The Louisiana Sustainable Local Food Policy Council is comprised of state agricultural and institutional food stakeholders and is studying ways a sustainable local food policy can be applied to school lunch systems, government assistance programs and Louisiana agriculture.
Ludwig’s goal for school lunch and breakfast programs is lofty.
“My objective is to end hunger in all five states of my region (Louisiana, Texas, Arkansas, Oklahoma, New Mexico),” Ludwig said. “When I look at the numbers for Louisiana and see the poverty rate is 17.3 percent and the number of households that are food insecure at 10 percent and that 65 percent of all the schoolchildren in Louisiana are participating in the national school lunch program, I know there is a lot more we can do for these programs.”
Ludwig said less than 50 percent of the children that participate in the lunch program are participating in the breakfast program. He speculated that the busing system and parents have difficulty getting children to school early enough to participate in the breakfast program.
“Hungry children can’t learn and they have disciplinary problems,” Ludwig said. “If you want to do something, help us get those participation rates in the national breakfast program up.”
John Dupre from the Louisiana Department of Education told the panel his department oversees the 140 food service organizations in Louisiana that plan school lunches for public, diocesan and private schools and other institutional groups.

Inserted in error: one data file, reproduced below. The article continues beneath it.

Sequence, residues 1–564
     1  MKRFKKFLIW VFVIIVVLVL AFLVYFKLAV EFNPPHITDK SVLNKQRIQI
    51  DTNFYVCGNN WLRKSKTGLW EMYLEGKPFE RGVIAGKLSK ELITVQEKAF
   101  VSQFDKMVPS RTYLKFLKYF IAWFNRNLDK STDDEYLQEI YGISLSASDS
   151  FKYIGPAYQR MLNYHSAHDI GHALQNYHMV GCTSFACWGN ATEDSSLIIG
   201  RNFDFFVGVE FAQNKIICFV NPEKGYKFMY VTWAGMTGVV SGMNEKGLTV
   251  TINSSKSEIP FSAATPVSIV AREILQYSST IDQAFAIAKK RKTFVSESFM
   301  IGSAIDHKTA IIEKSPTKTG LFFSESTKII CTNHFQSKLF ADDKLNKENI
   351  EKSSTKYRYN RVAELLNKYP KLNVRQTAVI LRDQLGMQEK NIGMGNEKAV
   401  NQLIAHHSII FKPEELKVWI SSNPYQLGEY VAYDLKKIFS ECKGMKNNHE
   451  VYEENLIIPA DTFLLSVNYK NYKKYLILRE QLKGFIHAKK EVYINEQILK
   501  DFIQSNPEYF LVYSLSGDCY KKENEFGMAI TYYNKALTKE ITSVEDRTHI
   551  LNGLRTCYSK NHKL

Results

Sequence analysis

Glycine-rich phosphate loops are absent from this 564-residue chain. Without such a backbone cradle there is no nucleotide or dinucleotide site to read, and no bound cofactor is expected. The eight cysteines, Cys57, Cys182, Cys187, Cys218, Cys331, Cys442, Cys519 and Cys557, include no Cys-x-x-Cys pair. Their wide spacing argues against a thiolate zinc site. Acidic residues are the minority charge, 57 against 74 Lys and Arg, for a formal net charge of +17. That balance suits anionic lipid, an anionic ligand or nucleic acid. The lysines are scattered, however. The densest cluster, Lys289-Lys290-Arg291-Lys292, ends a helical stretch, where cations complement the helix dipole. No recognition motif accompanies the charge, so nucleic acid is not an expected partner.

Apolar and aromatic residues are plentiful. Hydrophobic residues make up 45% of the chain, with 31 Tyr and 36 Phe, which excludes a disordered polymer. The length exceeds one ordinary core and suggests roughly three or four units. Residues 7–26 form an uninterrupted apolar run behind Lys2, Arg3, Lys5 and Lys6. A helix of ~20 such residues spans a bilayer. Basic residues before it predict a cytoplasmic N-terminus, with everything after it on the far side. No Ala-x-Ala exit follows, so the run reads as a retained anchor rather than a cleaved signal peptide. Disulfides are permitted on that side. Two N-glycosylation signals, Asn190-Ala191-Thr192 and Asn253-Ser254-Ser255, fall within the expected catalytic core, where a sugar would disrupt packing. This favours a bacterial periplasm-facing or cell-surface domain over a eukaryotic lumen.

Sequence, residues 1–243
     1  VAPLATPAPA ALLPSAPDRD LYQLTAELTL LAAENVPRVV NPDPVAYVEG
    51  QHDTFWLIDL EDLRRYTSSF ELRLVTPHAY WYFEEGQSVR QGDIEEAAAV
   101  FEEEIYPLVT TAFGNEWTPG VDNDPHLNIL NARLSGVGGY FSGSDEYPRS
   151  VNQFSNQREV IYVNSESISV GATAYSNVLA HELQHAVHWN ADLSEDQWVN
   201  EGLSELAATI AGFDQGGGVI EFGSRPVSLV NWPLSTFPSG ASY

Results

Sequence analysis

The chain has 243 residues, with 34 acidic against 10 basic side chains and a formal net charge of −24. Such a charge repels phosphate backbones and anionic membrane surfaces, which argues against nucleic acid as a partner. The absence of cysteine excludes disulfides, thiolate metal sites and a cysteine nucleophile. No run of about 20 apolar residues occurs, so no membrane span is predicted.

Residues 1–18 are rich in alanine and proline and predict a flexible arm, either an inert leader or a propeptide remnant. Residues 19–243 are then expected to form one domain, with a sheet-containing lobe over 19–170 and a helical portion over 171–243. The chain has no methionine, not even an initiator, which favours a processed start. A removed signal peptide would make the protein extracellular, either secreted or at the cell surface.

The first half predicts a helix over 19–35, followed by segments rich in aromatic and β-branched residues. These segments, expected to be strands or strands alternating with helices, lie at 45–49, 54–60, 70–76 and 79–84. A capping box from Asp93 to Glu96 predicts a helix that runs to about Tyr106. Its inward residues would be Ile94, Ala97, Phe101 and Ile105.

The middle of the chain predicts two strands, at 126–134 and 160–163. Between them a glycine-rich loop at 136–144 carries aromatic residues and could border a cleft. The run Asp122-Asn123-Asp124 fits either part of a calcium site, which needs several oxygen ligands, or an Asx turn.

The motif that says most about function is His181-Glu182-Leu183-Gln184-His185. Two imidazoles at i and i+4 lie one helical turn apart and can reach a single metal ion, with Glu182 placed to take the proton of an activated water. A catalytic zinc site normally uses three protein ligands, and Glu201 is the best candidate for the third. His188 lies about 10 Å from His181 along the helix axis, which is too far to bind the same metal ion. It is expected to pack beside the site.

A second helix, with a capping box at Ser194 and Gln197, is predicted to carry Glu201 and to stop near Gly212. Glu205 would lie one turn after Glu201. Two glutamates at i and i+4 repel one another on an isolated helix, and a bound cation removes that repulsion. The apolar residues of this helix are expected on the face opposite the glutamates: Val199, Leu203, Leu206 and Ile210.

Within the 140 food service groups, more than 1,600 facilities plan and serve 100 million lunches and 40 million breakfasts on an annual basis.
That’s a lot of food and the suppliers must be consistent, reliable and affordable, Dupre said.
The USDA reimburses school systems but also sets the criteria for what constitutes a reimbursable meal. Last year, Louisiana received $250 million from the USDA for its school lunch and breakfast program.
“There are avenues for the Louisiana food grower and the parish food service director to bring in more local foods,” Dupre said. “But it takes planning and both groups need to be invested in the process.”
The council also heard from food service representatives from Ouachita, Lafayette, St. Martin and Jefferson Parish school systems.